Stolen Vehicles Task Force :: Task Forces :: Operational Activities

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Stolen Vehicles Task Force

Coordinator: Hungary

Established: 2002



14th Meeting of the Stolen Vehicles Task Force, 29 March 2017, Bucharest/Romania


13th Meeting of the Stolen Vehicles Task Force, 8 of November 2016, Bucharest/Romania


12th Meeting of Stolen Vehicles Task Force, 1 April 2015, Bucharest, Romania


11th Meeting of Stolen Vehicles Task Force, 27 March 2014, Banja Luka, Bosnia and Herzegovina


10th Meeting of the Stolen Vehicles Task Force, 10 April 2013, Bucharest, Romania


9th Meeting of the Stolen Vehicles Task Force, 27 March 2012, Bucharest, Romania


8th Meeting of the Stolen Vehicles Task Force, December, Bucharest, Romania

4 operational and international activities

Joint Investigations

2 joint investigations were supported by SECI Center under the umbrella of Stolen Vehicles Task Force.

Joint investigation BAGHDAD – law enforcement authorities from Bulgaria, Hungary, Romania, Serbia and Turkey cooperated against an international organized crime group transporting leased and stolen vehicles


3 international meetings and activities

One week training was organized by FBI in Skopje, being attended by national specialists form SECI Center countries.

Regional Operations

Regional Operation CREDIT CAR – carried out in the SECI Center region

Joint Investigations

Joint investigation among Hungary, Romania and Italy on insurance and leasing car frauds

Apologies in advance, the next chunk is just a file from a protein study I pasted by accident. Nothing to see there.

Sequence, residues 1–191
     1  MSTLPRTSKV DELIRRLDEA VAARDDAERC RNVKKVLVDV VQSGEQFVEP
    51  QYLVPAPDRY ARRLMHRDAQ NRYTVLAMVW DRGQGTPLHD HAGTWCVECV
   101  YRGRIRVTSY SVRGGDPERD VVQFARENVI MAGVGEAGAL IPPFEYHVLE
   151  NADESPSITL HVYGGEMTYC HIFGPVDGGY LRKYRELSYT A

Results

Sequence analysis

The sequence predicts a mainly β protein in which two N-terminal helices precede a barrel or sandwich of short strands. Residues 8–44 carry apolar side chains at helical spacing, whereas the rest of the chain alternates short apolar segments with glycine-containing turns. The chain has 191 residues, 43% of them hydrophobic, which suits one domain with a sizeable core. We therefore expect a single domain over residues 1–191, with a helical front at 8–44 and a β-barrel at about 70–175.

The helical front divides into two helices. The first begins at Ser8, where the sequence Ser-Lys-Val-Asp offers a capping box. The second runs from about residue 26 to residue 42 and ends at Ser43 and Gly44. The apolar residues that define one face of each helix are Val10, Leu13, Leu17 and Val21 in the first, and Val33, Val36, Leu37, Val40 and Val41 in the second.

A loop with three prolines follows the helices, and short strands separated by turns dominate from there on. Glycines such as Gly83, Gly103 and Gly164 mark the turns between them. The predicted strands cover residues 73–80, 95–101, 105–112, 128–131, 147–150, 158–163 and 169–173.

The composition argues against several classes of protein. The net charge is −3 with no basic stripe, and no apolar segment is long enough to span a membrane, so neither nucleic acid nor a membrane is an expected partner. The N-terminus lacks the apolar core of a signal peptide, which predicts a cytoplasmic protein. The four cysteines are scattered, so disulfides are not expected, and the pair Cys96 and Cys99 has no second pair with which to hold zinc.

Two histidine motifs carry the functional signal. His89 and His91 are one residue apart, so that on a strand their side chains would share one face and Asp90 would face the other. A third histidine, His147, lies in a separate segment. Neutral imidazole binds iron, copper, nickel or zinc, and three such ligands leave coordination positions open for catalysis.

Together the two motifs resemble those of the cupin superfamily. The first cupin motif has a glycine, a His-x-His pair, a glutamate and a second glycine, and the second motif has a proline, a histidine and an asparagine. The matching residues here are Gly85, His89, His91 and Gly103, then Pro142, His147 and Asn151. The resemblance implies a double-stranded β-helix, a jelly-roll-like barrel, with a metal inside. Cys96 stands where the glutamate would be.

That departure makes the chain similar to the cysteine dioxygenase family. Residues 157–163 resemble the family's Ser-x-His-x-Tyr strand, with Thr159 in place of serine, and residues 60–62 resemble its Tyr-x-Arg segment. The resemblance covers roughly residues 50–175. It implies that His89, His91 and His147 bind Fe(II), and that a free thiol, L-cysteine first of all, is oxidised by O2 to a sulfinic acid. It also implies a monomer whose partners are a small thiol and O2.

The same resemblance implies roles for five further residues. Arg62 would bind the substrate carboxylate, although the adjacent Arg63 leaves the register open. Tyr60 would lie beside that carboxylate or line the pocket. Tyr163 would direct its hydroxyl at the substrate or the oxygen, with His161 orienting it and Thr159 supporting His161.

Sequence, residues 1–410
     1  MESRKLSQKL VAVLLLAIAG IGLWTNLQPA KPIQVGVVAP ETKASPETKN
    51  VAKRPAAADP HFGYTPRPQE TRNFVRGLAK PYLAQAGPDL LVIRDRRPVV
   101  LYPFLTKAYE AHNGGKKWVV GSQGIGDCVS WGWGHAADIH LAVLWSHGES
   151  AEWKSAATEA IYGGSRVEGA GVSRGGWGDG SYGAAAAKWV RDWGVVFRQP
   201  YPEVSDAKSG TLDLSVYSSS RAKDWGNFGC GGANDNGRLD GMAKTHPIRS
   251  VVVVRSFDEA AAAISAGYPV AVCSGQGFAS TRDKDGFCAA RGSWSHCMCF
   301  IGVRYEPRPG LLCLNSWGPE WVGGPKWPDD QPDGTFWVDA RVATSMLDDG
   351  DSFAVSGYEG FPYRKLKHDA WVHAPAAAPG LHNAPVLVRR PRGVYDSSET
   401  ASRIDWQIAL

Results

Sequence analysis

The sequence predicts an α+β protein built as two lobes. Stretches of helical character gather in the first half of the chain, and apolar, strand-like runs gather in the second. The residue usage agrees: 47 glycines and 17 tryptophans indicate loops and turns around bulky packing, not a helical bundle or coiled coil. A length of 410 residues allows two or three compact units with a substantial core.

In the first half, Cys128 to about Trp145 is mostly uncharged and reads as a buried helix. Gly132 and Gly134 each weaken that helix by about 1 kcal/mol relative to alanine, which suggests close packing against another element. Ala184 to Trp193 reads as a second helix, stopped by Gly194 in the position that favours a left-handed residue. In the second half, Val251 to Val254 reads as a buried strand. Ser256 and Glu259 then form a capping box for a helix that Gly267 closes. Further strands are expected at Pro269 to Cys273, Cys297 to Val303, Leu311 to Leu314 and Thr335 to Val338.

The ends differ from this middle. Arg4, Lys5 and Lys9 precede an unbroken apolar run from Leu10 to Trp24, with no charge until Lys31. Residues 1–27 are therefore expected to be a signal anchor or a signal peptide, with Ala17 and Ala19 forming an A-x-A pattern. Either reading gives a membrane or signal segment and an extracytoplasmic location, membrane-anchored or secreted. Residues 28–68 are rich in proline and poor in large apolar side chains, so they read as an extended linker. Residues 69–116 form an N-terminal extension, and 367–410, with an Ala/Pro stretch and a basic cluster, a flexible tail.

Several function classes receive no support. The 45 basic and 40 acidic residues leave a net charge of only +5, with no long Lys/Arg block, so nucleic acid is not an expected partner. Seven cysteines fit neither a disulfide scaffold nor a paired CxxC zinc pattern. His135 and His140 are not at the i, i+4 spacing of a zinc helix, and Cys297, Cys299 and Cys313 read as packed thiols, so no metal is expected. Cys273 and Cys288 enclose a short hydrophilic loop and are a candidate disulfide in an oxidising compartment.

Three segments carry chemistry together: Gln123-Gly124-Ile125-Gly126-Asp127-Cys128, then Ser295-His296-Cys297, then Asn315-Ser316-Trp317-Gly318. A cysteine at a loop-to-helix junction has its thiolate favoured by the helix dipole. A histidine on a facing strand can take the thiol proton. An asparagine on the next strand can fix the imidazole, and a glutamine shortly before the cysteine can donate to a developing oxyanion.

7th Task Force Meeting on Stolen Vehicles, October, Bucharest, Romania

Stolen Vehicles Task Force


Many of the stolen vehicles smuggled out of the European Union are transported on roads via South East European countries.

The SECI Center focus on the problem of stolen vehicles has been a priority since 2002, when a specialized Task Force was established. Since then, law enforcement authorities in Southeast Europe have targeted stolen cars trafficked along the national borders by joining regional interdiction operations.

A new approach against smuggling stolen vehicles in South East Europe was proposed by the SECI Center, by shifting from time-limited operations to a larger strategy that will allow for structural and legislative changes of the national systems. This new strategy has already started to be implemented in 2006, by supporting joint investigations between member countries on stolen vehicles, and by supporting the idea of a standard vehicle registration project.